Last week I was lucky enough to attend a discussion led by David William Foster, professor of spanish and women and gender studies, about his latest book, “Glimpses of Phoenix” at The Arizona Latino Arts and Cultural Center. Just down the street from Taylor Place on 2nd St. and Adams St., the center’s Galeria 147 is currently featuring “Los Veteranos de Arte: A Chicano Art Legacy Tour.”
Passing by two Dia de Los Muertos statues at the entrance a few minutes before the discussion began, I walked around the gallery which featured works from José Andrés Girón, Roman P. Reyes, Mike Moroff-Burciaga and Ignacio Gomez. Each piece showcased the artists’ personal narratives of what it means to be Latino in their individual perspective. Vivid and vibrant, the paintings were captivating, but the gallery went on to display more than just traditional artwork.
Illustrating a vast array of Latino culture, gallery workers passed out a variety of food (my favorite being the empanadas) and wine produced from various local artisans. Statues and tapestries lined tables and shelves, displaying the different mediums used in popular Latino art.
Visitors soon began filing into the far-most room to the right as 7 p.m. drew near, eagerly awaiting Foster. Albert Toloso stepped on stage, declaring that “this evening is about Phoenix, but not the Phoenix you see on the cover of [tourism] books.” After a brief introduction, former Arizona Republic writer Jon Talton introduced Foster and began asking him questions about “Glimpses of Phoenix.”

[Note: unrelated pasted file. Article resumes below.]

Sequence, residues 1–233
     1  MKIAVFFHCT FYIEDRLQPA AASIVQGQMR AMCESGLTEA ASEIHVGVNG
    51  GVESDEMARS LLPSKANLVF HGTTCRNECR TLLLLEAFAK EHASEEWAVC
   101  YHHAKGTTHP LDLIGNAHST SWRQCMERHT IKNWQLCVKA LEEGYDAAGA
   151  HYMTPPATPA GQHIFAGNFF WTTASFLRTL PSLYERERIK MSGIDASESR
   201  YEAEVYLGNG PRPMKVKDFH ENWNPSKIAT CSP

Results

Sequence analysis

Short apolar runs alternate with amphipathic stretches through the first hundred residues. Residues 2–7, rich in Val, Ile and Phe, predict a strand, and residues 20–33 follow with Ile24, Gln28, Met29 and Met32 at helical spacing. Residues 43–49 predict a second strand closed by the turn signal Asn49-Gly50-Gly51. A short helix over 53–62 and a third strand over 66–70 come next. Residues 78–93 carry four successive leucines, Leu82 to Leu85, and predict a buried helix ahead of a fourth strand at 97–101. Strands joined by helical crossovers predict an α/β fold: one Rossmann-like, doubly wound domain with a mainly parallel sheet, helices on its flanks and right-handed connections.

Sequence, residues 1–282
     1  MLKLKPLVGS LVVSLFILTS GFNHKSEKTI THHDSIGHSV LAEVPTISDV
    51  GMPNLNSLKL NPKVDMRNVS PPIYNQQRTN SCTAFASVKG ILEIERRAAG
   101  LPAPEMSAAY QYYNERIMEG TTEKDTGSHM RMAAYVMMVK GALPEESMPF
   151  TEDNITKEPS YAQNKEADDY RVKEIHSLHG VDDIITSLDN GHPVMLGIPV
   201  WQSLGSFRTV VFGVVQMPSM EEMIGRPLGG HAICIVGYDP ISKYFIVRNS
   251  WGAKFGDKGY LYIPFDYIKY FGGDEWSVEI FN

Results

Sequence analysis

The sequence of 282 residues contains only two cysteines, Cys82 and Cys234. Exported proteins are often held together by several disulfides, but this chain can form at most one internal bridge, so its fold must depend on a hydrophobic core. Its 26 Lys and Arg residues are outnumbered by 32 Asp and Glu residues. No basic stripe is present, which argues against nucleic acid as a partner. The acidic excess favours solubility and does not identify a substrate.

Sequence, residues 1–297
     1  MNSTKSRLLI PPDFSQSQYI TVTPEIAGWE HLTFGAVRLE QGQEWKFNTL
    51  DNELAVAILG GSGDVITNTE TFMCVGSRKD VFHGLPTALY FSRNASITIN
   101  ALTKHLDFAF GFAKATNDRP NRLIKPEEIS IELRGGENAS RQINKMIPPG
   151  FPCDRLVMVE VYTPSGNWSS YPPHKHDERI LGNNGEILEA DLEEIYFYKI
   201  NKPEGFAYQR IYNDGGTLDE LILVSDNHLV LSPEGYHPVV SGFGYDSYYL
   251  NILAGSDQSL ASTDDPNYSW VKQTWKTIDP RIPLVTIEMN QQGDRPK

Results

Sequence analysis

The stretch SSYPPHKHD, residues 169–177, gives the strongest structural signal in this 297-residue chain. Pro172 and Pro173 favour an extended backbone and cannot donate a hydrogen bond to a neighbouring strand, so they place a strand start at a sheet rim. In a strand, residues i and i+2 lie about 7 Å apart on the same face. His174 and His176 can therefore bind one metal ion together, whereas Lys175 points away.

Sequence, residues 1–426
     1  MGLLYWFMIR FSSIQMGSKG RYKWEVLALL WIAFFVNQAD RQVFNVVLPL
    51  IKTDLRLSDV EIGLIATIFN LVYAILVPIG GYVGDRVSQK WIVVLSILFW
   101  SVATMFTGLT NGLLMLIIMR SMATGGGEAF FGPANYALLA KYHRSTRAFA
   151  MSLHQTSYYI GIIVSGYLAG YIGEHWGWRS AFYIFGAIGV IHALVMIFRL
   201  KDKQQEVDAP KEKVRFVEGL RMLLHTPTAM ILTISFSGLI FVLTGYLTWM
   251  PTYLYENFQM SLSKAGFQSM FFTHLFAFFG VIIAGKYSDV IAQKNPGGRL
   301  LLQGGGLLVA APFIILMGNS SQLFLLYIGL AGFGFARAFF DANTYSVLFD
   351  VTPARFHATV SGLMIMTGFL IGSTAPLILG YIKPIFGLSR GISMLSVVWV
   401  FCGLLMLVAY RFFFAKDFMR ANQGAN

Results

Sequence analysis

Tackling the difficult topic of Phoenix’s history, Foster spent a decade collecting and fact-checking a narrative for his novel. Foster focuses on the cultural growth and expansion of Phoenix through a number of local narrative works, about 40% of which are from Latino creators. Exploring barrios and early racism, Foster commented that this “Old Phoenix” is still evident in “our street names … in buildings … [and] in memoirs.” He goes on to state the sad fact that there is hardly any evidence of the Asian or African-American community in Phoenix.
Closing with the importance of maintaining one’s culture and history, Talton opened the floor to audience questions which led to a debate on the future of Phoenix. Rich in art and free expression, the city is believed to further develop in years to come so long as Phoenicians remember their heritage.
With Hispanic Heritage month ending next Tuesday, October 15, I would highly encourage any students interested in Latino culture to visit The Arizona Latino Arts and Cultural Center. “Los Veteranos de Arte: A Chicano Art Legacy tour” ends on October 26, so stop by before the end of the month!